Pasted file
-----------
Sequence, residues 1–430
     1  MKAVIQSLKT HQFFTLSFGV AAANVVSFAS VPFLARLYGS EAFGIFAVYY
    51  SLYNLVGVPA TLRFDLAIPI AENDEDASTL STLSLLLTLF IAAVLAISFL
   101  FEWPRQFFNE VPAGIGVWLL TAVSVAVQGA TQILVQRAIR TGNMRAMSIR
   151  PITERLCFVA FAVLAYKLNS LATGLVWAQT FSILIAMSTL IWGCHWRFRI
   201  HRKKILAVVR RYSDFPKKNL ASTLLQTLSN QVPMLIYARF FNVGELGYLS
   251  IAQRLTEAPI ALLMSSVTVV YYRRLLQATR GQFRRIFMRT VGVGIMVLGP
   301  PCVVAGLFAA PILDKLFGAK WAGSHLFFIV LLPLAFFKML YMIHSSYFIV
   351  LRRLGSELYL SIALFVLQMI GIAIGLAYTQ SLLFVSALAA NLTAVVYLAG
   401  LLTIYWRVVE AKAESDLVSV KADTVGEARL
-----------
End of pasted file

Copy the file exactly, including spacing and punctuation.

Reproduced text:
Sequence, residues 1–430
     1  MKAVIQSLKT HQFFTLSFGV AAANVVSFAS VPFLARLYGS EAFGIFAVYY
    51  SLYNLVGVPA TLRFDLAIPI AENDEDASTL STLSLLLTLF IAAVLAISFL
   101  FEWPRQFFNE VPAGIGVWLL TAVSVAVQGA TQILVQRAIR TGNMRAMSIR
   151  PITERLCFVA FAVLAYKLNS LATGLVWAQT FSILIAMSTL IWGCHWRFRI
   201  HRKKILAVVR RYSDFPKKNL ASTLLQTLSN QVPMLIYARF FNVGELGYLS
   251  IAQRLTEAPI ALLMSSVTVV YYRRLLQATR GQFRRIFMRT VGVGIMVLGP
   301  PCVVAGLFAA PILDKLFGAK WAGSHLFFIV LLPLAFFKML YMIHSSYFIV
   351  LRRLGSELYL SIALFVLQMI GIAIGLAYTQ SLLFVSALAA NLTAVVYLAG
   401  LLTIYWRVVE AKAESDLVSV KADTVGEARL